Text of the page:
Native American Languages

November 30, 2021

There may have been as many as 300 Native American languages with only 175 remaining. They were complex and there was a tremendous variety among tribes. Navajo is the most difficult to learn and the most commonly spoken in the U.S. and was used in World War II.

Great Plains Indians

November 23, 2021

They had a rich culture and organization. Some were nomadic, others were farmers who traded between tribes. Many cooperated to maintain peace. Marriage and raising children involved the whole family. Men and women had their roles. They believed in a spirit world.

Yellow Wolf

November 16, 2021

A first cousin to Chief Joseph, he followed the famous chief and the Nez Perce. He fought at White Bird Canyon, the Clearwater River and in the Battle at the Big Hole. They nearly made it to join Sitting Bull in Canada but surrendered and ended up on the Colville Reservation.

Bloody Island

November 9, 2021

Dueling was considered the gentlemen's code of honor. Dueling was illegal, so a small island in the Mississippi became the ideal site . The challenged party chose weapons, distance and volleys. One of the most famous was Abraham Lincoln, he chose the cavalry broadsword.

Private Charlie Windolph

November 2, 2021

Windolph gives his first person account at the Battle of the Little Big Horn. At age 97 he was the last survivor of the troopers who fought there.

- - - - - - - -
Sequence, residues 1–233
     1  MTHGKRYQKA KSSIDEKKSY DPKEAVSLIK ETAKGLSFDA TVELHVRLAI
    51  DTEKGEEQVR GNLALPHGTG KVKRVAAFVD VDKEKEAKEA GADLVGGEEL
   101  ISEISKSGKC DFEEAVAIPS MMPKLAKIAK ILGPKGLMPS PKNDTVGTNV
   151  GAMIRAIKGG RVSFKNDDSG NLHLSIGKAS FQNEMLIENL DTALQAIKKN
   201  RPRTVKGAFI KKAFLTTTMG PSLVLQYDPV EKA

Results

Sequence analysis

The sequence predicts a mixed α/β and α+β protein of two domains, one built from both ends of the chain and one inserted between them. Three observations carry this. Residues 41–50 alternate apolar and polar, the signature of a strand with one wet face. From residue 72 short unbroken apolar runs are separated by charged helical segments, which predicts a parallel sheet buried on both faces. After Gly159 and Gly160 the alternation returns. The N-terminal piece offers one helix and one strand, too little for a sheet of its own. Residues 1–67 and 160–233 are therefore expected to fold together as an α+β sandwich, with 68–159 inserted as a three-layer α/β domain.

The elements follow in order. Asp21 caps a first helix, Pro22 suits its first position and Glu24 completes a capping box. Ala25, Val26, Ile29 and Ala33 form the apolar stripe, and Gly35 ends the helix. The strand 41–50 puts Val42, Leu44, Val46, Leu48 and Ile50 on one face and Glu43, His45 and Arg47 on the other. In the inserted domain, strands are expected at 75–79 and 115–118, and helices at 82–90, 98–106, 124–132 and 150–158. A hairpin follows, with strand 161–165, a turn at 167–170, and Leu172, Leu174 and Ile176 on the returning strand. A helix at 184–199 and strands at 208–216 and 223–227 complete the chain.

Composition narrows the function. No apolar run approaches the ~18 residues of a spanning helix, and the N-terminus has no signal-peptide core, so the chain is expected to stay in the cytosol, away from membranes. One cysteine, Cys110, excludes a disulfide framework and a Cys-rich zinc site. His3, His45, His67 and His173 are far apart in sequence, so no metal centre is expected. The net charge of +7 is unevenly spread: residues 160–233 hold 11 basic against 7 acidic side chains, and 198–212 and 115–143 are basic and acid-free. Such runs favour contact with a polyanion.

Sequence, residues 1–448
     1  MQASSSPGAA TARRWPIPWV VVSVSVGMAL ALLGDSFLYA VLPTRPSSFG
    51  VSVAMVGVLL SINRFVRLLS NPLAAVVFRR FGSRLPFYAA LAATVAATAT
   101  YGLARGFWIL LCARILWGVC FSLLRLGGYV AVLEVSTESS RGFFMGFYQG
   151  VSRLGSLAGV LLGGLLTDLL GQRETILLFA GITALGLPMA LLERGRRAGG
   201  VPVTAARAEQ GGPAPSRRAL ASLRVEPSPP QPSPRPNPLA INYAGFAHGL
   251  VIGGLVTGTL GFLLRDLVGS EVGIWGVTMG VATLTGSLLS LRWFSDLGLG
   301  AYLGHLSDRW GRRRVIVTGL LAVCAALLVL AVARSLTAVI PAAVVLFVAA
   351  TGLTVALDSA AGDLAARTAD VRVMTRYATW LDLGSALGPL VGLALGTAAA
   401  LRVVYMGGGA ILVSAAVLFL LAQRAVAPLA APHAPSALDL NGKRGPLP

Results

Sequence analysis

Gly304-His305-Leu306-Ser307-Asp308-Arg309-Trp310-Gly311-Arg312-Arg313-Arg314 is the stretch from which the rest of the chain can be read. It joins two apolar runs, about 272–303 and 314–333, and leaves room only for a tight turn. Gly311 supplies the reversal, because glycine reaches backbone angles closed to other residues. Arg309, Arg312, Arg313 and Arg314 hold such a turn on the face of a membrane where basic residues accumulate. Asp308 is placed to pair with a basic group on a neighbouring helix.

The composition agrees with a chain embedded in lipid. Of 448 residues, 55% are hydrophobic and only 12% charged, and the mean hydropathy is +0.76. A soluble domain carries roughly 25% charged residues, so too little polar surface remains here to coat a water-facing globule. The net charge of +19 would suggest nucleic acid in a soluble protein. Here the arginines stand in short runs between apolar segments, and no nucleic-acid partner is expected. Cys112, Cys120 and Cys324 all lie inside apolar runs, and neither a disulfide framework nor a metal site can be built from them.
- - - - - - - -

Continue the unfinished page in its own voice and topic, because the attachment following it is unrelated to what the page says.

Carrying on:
Wyatt Earp in San Diego

October 26, 2021

After the gunfight at the O.K. Corral, Wyatt and his wife moved to San Diego. He invested in real estate, had three saloons, owned race horses, harness horses and refereed boxing matches. Wyatt acquired a small fortune while living in San Diego, he died January 13, 1929 in Los Angeles.

Sooners and Boomers

October 19, 2021

Thousands waited for the starting gun to begin the race to stake their claim on 160 acres or townsite lots in several million acres. Each lot had been surveyed and the coordinates left on a pile of rocks they then rushed to town to file their claim.

Captain Joseph La Barge and Captain Grant Marsh

October 12, 2021

Both were successful Missouri Riverboat Captains, fighting Indians, ever-changing river conditions. The river was different going upstream compared with downstream. Marsh captained the Far West to the Little Bighorn river to rescue survivors of the Custer Battle.

Steamers on the Big Muddy

October 5, 2021

In 1819 the Independence was the first of hundreds of steamers on the Missouri River. Three hundred steamers were destroyed by snags, fire, crushed by ice, violent winds or boiler explosions. The Saluda was the worst disaster on the Missouri, the boiler exploded killing 200 crew and passengers.

A Cattle Drive

September 28, 2021

Young Baylis Fletcher hired on to drive cattle from Texas to Wyoming. He faced a stampede, quicksand in the Red River, hail storms, Indians and endless miles of brown grass prairies. The boy Fletcher passed the test, he became a cowboy.